eGen X is ready to assume leadership in the business world due to their strong critical thinking skills, flexibility, and sensitivity to life/work balance.
Have you ever wondered how the corporate world is going to look in the next generation?
A lot of it depends on the kind of leadership companies invest in now. Strategic succession planning is crucial to building businesses that last. You don’t want new leadership to be stuck in the past or trapped in a silo. The sweet spot is a leader who uses her knowledge of history to guide the company forward with enough flexibility to allow for self-reflection and the ability to learn from mistakes.
It’s tempting to think that high-achieving Millennials are the perfect choice to fill the slots about to be vacated by retiring Boomers, right? I’m here to argue that the understated choice, Gen X, has more of the leadership qualities it takes to preside over the future business world.
Technology as a Tool, Not a Magic Bullet
Millennials grew up with technology. They are comfortable with its language. But technological expertise per se is not a leadership qualification. We are still human beings subject to emotional responses. It’s easy to get sidetracked by shiny objects.
This is where Gen X has a clear advantage. They are technologically adept, but they remember the days before computers and cell phones. That gives Gen X the context to view technology as a tool, rather than a way of life.
Having lived through two major recessions, Gen-Xers are a thoughtful group who understand that what goes up is probably going come hurtling back to earth. That means they are likely to use critical thinking when framing important questions, such as, “What are the limits of technology?” And they are much more likely to make structural decisions first, then find the technology to power them. They are less likely to try to run an organization around the latest dot.com innovation.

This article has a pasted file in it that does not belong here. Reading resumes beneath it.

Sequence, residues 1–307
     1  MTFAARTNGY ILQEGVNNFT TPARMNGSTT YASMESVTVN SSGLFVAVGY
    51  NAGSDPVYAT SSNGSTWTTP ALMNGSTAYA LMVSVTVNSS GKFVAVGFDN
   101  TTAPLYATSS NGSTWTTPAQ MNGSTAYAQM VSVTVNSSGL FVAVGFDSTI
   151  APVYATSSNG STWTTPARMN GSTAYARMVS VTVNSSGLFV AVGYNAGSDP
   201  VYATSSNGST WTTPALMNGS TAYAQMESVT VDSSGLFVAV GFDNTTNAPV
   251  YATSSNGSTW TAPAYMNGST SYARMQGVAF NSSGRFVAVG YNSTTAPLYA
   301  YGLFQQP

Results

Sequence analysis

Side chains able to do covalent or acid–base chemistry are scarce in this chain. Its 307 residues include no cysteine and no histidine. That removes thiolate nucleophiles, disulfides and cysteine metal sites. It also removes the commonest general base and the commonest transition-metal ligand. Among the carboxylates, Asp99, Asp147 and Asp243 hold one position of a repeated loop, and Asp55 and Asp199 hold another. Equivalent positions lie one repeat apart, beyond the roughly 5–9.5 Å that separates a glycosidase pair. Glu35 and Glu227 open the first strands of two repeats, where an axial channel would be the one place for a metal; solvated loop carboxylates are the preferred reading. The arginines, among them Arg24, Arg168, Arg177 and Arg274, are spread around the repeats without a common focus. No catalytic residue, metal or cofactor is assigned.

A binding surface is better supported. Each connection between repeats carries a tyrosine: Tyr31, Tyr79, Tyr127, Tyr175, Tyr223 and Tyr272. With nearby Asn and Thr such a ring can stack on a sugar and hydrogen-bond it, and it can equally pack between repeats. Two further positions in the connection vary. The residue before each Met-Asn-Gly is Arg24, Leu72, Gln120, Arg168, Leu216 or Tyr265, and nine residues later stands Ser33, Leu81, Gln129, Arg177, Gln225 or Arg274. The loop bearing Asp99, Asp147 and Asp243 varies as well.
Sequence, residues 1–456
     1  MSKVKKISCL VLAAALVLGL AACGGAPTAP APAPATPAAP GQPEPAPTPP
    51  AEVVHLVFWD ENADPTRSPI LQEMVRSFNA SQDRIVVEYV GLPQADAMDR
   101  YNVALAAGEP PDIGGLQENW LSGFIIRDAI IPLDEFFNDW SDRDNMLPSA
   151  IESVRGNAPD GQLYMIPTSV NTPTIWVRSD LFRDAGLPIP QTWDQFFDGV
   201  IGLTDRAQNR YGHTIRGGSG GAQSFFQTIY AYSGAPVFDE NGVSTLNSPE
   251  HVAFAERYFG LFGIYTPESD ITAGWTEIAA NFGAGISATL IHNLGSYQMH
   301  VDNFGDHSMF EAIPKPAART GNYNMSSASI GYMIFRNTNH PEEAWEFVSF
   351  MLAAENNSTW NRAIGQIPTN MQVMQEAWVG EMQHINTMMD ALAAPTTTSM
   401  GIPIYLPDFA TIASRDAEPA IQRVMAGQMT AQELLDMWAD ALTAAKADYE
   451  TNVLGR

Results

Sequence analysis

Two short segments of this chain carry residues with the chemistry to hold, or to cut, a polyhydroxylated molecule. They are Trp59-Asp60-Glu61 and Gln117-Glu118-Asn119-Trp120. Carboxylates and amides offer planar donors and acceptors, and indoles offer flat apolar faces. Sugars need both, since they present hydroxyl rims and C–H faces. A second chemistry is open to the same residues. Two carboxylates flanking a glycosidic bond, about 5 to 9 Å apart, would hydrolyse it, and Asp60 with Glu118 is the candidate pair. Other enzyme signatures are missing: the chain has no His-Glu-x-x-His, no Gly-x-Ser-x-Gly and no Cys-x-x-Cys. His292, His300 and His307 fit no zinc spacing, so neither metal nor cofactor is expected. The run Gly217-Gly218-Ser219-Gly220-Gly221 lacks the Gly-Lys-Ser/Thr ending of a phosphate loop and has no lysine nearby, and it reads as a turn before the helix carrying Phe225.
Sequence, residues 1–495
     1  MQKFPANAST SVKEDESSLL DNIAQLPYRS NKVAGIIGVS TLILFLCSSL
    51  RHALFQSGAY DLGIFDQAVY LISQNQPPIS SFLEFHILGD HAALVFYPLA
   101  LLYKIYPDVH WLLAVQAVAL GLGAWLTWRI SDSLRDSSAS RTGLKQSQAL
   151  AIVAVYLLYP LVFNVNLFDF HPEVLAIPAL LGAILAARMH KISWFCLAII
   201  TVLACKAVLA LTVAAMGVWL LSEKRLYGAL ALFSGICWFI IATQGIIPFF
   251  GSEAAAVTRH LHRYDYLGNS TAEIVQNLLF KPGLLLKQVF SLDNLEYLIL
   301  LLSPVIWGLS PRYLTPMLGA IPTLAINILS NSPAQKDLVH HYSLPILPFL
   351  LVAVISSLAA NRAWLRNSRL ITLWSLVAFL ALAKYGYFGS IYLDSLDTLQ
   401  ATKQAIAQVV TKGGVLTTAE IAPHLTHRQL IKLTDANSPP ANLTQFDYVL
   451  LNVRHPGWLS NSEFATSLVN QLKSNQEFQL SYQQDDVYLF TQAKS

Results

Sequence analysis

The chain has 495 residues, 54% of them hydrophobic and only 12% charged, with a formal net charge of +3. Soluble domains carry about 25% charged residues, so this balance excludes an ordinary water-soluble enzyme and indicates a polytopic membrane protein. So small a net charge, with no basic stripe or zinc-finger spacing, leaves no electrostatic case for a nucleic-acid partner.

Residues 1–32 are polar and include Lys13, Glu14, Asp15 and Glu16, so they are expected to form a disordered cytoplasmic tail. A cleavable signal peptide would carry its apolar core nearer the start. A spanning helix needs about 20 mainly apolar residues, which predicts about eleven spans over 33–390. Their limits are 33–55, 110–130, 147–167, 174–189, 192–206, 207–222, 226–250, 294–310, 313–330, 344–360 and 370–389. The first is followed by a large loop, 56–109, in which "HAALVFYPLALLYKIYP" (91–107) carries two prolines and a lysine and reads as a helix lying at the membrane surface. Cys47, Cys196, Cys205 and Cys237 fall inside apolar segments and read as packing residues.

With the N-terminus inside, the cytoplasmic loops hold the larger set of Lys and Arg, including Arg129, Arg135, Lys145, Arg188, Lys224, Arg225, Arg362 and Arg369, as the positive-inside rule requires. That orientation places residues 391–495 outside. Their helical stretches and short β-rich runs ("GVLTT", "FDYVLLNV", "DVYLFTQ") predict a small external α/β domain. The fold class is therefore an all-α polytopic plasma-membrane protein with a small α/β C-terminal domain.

Critical Thinking for Global Problems
Back in 2010, the Harvard Business Review was already lamenting the decline in critical thinking skills. They argued that the focus on quantitative over qualitative skills in MBA programs had caused critical thinking to drop “by the wayside.” The problem is only getting worse. Stephen Camarata, the author of The Intuitive Child, points out that the lack of critical thinking among today’s college grads is an “emerging crisis.”
Critical thinking is a vital leadership characteristic that differentiates a good leader from a great one. The ability to take different perspectives into consideration when developing a plan is important. Critical thinking is especially important for engagement within the twenty-first-century corporate environment. Strategies need to account for global impact and accommodate different cultures’ needs.
Raised before the days of helicopter parenting and left to develop their own neural pathways, Gen Xers learned how to think critically. They are also independent thinkers who have a healthy skepticism for authority. As prospective leaders, they have the most potential to be global innovators.
Focus on the Life/Work Conundrum
Too many American workers are at a crisis point, suffering from chronic sleep deprivation and stress. Their lack of engagement due to these distractions hurts productivity. This is a contributing factor in the rapid churn some companies experience. That’s probably why, according to a 2017 study, offering amenities that restore life/work balance are a valued trade-off. This is so valuable that workers are willing to accept a lower salary in return.
Gen X is notorious for the value they already place on life-work balance. As leaders, they are likely to create trade-offs that encourage valuable workers to stay on the job through family crises that can spur workers, particularly women, into early retirement.
Realize Your Leadership Potential
Never fear, Gen-Xers. You may feel like a neglected middle child sandwiched between two high-profile generations. You work hard to develop resilience and independence — and you don’t necessarily do it for the attention.
Nurture these qualities into leadership skills that get you noticed. A trained ICF coach, certified Intelligent Leadership Coach, and a Gallup-Certified Strengths Coach Chris Gossard knows how to draw out your strengths and transform them into leadership potential. Contact Chris today to find out how to climb through the leadership ranks.